U Program Teaches Leadership Skills

ULEAD is dedicated to crafting student leaders.
It’s a program hosted by the Office of Orientation & Leadership Development for any student at the U, regardless of major, who wants to learn about leadership in ways that cannot be taught in a formal classroom setting. ULEAD stands for Utah Leaders Engage Achieve Develop and requires students to attend 12 hours of workshops to get a designation on their diploma.
Matt Markham, a graduate student who oversees ULEAD, thinks all students can benefit.
“It is so important to be a part of ULEAD because it provides an opportunity to intentionally improve the student’s leadership skills,” he said. “This program is structured to provide leadership tools for whatever their future holds.”
The program, which includes workshops on ethics and diversity, is meant to be completed with 15 to 20 hours over a school year. The students must also attend a leadership conference, such as the Women’s Leadership Summit or the Conference on Social Awareness.
“We try to represent a variety of lessons,” Markham said. “As a group, we talk about the theoretical and academic leadership, in addition to the really hard skills associated with leadership, such as public speaking and time management. We really value diversity and social justice and want to instill them into the students.”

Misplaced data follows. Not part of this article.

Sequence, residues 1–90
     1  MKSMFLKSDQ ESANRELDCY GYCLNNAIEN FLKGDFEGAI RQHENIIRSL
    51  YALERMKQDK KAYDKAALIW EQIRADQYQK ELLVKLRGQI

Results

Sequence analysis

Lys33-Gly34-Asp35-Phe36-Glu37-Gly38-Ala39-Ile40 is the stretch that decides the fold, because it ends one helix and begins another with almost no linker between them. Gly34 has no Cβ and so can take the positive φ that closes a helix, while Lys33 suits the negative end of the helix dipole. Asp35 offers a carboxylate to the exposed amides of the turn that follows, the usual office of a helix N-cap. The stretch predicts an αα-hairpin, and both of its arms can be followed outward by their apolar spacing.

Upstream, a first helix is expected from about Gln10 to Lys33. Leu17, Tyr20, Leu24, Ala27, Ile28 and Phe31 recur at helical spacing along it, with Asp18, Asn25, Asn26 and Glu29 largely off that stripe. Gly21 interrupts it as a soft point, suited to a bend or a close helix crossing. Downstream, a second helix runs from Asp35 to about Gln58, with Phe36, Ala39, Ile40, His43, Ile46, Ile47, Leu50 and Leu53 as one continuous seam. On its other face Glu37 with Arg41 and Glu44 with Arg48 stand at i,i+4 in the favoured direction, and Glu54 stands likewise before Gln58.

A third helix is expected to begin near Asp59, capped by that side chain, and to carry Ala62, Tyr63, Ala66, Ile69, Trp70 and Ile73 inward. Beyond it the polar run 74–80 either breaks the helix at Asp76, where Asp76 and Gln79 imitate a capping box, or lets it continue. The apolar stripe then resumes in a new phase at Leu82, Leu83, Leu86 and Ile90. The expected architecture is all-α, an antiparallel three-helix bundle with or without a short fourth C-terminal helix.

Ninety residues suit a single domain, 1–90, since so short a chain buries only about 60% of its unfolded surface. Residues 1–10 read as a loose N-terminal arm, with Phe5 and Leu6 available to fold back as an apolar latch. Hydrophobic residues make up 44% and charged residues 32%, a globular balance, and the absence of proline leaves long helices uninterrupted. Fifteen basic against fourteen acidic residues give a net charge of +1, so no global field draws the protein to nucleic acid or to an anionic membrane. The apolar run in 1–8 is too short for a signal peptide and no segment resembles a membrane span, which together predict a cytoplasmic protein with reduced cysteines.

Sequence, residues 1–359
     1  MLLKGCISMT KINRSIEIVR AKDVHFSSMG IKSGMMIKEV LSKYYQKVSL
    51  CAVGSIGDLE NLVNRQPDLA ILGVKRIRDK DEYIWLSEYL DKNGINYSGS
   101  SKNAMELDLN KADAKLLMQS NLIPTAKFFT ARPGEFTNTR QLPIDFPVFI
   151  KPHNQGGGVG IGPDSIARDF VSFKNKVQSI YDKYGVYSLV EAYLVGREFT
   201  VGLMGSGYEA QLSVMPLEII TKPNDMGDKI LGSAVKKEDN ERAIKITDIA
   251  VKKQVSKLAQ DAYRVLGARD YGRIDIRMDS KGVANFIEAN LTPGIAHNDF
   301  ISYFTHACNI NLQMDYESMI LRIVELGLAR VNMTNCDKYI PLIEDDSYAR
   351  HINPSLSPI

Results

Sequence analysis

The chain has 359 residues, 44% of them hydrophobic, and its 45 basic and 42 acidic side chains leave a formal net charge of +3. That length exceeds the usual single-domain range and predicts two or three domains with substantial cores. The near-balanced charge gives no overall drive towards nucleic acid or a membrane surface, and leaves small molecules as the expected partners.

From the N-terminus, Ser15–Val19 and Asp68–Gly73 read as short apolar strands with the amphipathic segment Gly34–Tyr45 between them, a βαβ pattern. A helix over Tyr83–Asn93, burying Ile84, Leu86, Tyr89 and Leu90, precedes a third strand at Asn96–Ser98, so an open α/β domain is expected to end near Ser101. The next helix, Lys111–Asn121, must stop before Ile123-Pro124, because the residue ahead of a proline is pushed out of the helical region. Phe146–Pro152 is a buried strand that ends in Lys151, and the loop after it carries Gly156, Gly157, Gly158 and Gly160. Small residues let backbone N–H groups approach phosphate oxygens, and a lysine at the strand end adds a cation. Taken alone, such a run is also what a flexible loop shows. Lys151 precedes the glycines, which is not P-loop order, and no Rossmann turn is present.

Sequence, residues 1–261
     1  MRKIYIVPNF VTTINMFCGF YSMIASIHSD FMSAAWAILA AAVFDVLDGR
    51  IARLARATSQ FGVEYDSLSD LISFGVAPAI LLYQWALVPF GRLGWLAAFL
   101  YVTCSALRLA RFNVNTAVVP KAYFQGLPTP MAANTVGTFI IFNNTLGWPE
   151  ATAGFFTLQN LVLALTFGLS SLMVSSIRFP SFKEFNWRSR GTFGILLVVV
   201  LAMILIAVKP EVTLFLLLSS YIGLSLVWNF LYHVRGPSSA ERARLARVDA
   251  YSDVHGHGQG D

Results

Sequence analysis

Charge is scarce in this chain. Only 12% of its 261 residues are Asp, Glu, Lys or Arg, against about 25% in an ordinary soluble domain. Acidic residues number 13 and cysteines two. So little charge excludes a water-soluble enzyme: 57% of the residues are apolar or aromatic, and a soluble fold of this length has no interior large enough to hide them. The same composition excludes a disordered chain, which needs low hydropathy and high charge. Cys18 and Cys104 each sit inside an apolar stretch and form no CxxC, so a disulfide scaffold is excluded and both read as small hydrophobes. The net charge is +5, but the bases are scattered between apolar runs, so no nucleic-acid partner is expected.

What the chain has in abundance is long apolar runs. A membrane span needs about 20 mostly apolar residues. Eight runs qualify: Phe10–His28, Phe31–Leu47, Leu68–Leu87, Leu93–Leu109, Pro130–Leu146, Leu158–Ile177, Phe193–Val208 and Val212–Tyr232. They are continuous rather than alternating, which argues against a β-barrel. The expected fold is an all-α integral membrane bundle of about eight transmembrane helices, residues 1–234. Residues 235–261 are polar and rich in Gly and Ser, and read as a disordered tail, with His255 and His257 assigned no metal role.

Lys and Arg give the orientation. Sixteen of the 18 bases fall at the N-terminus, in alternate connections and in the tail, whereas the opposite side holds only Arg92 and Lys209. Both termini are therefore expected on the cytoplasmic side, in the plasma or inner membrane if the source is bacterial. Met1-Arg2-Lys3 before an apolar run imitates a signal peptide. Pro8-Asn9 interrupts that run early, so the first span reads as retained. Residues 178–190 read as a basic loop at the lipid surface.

Although this is the first year of ULEAD, leadership workshops have been implemented at the U over the last few years.
“We took programs that the U was already doing and put them under a singular program for résumés and references, which really fit a need for students on campus,” Markham said. “Career preparedness is a concern, and employers want leadership roles on résumés.”
Some of the ULEAD workshops can count towards the U’s leadership studies minor, such as Leadership in Community and Foundations in Leadership. Both classes are discussion-based and are smaller than the average U class. Markham wants to see the program expand and be “integrated” more.
“I’m so excited about where leadership at the U could go,” he said. “I would love to see ULEAD become more recognized and implemented into student organizations across campus, as well as to see it move forward.”
Leah Hogsten, an undeclared freshman, said leadership programs such as this are “important” on campus.
“Leadership makes people better people,” she said.
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